The decision feedback equalizer is used to equalize interference between codes caused by frequency selective phasing produced in the propagation path of a digital radio communication system and includes a front equalizer 25A and a back equalizer 25B. The decision feedback equalizer 25 has a center tap coefficient α0 which acts in the same manner as an AGC circuit. Since the center tap can be external to the equalizer, it is brought to the exterior as AGC circuits 28, 29 in the illustration.

FIG. 27 is a diagram showing the construction of the decision feedback equalizer 25 according to the prior art. The front equalizer 25A is constituted by a front tap coefficient section obtained when the four transversal filters (FIR filters) 25 a-1-25 a-2, 25 b-1-25 b-2 are separated into two sections about the center tap. The back equalizer 25B is constituted by a back tap coefficient section.

The front equalizer 25A has FIR filters 25 a-11-25 a-21 of tap coefficients α−n−1, α0, FIR filters 25 b-11-25 b-21 of tap coefficients β−n−1, β0, and subtractors 25 c-1, 25 d-1. Each FIR filter has a forward-type construction.

The FIR filters 25 a-11-25 a-21 of the front equalizer 25A each successively delay 8-bit 16 QAM data (in which the high-order two bits represent data and the low-order six bits represent the error due to waveform distortion) of the entered I channel by delay units Z−1, multiply the output data of the delay units by the tap coefficients α−n−1, α0 0=1 in case of the FIR filter 25 a-11), sum the products and output the result. The FIR filters 25 b-11-25 b-21 successively shift 8-bit 16 QAM data of the entered Q channel by delay units Z−1, multiply the output data of the delay units by the tap coefficients β−n−1, β0, sum the products and output the result. The subtractor 25 c-1 subtracts the Q-channel signal from the I-channel signal to thereby cancel the quadrature component (the Q-channel component) contained in the I-channel signal. The subtractor 25 d-1 subtracts the I-channel signal from the Q-channel signal to thereby cancel the quadrature component (the I-channel component) contained in the Q-channel signal.

The back equalizer 25B has FIR filters 25 a-12-25 a-22 of tap coefficients α1n, FIR filters 25 b-12-25 b-22 of tap coefficients β1n, subtractors 25 c-2, 25 d-2, delay units 25 e, 25 f for delaying data by one symbol time period each, and discrimination units 25 g, 25 h for discriminating the levels of the digital data after equalization and feeding the levels back to the FIR filters 25 a-12-25 a-22, 25 b-12-25 b-22. Each of the FIR filters 25 a-12-25 a-22, 25 b-12-25 b-22 has a backward-type construction.

The FIR filter 25 a-12 of the back equalizer 25B successively shifts the I-channel signal, which has entered as feedback, by delay units Z−1, multiplies the output data of the delay units by the tap coefficients α1n, sums the products and outputs the result. The FIR filter 25 a-22 successively shifts the I-channel signal, which has entered as feedback, by delay units z−1, multiplies the output data of the delay units by the tap coefficients α1n, sums the products and outputs the result.

The FIR filter 25 b-12 successively shifts the Q-channel signal, which has entered as feedback, by delay units Z−1, multiplies the output data of the delay units by the tap coefficients β1n, sums the products and outputs the result. The FIR filter 25 b-22 successively shifts the Q-channel signal, which has entered as feedback, by delay units Z−1, multiplies the output data of the delay units by the tap coefficients β1n, sums the products and outputs the result.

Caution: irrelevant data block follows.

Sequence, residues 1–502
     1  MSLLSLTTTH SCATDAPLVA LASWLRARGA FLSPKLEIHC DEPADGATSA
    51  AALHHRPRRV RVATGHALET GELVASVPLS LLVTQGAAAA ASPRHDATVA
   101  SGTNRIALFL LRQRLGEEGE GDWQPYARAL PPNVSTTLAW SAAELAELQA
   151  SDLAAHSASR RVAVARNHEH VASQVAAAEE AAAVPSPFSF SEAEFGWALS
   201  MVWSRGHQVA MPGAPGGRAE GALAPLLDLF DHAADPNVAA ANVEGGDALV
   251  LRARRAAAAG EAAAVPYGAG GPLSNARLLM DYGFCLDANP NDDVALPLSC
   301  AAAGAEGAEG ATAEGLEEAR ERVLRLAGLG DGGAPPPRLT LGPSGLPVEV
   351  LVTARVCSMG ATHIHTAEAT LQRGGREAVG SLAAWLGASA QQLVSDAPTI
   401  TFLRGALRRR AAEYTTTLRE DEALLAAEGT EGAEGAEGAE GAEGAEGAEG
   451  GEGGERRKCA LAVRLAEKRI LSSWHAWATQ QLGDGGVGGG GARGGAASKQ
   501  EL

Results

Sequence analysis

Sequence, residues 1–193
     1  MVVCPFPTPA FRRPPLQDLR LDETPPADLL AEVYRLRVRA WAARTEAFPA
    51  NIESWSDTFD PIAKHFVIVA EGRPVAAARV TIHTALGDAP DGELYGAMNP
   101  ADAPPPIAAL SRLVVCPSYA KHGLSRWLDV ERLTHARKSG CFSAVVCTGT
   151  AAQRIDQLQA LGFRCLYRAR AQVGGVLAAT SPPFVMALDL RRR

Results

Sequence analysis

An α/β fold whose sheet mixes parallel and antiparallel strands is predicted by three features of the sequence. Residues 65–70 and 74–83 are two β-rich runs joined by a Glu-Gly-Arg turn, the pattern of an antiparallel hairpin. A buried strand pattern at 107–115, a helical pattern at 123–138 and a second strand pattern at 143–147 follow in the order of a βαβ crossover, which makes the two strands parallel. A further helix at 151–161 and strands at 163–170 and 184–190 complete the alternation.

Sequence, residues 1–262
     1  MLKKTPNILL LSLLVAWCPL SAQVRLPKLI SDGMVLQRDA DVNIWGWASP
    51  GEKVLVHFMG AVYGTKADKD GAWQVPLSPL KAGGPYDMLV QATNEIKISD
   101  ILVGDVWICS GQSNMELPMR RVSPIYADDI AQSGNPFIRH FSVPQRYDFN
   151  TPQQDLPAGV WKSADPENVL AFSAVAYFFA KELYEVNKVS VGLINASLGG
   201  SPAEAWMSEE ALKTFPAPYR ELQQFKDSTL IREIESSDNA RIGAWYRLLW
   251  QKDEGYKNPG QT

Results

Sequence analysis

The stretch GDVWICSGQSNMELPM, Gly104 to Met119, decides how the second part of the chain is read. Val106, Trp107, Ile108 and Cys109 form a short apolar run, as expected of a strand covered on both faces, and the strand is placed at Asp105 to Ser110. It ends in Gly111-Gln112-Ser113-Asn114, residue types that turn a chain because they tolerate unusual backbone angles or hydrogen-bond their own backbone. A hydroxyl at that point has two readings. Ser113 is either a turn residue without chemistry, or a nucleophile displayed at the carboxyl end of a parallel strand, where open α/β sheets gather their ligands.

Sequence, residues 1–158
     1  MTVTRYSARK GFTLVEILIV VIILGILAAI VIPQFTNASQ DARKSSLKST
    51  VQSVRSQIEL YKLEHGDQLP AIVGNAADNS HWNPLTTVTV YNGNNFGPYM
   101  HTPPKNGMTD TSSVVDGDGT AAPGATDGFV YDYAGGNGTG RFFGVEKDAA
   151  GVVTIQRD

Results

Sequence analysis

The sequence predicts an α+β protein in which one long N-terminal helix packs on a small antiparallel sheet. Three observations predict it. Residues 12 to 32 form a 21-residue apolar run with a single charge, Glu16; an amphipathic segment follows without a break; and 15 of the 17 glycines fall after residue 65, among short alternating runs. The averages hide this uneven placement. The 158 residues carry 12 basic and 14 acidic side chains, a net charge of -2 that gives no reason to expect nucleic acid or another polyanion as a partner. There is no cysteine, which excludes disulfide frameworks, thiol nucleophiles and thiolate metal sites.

The subtractor 25 c-2 subtracts the Q-channel signal from the I-channel signal to thereby cancel the quadrature component (the Q-channel component) contained in the I-channel signal, and the delay unit 25 e outputs the result of subtraction upon delaying it by one symbol timing period. The discriminating unit 25 g discriminates the level of the result of subtraction and feeds the result of discrimination back to the FIR filters 25 a-12, 25 a-22. The subtractor 25 d-2 subtracts the I-channel signal from the Q-channel signal to thereby cancel the quadrature component (the I-channel component) contained in the Q-channel signal, and the delay unit 25 f outputs the result of subtraction upon delaying it by one symbol timing period. The discriminating unit 25 h discriminates the level of the result of subtraction and feeds the result of discrimination back to the FIR filters 25 b-12, 25 b-22.

In accordance with the decision feedback equalizer, data from which noise and interference components contained in the equalized digital data have been removed is fed back. As a result, tap coefficients can be made to converge correct values and the performance of the equalizer can be improved.

The prior-art radio receivers shown in FIG. 19 and 26 require that the error signal between the input and output signals of the transversal equalizer 25 be calculated. This makes it necessary to provide the delay circuit 32 and subtractor circuit 31 to delay the input signal by the time τ, which corresponds to the delay time of the transversal equalizer 25. The input signal is expressed by eight bits in case of 16 QAM, and the delay time of the transversal equalizer is 20 symbol clocks (20 sampling periods). Consequently, eight shift registers each having a length of 20 bits are required as the delay circuit 32. This means that the conventional radio receiver involves a large amount hardware. Simplification of the apparatus, therefore, is required.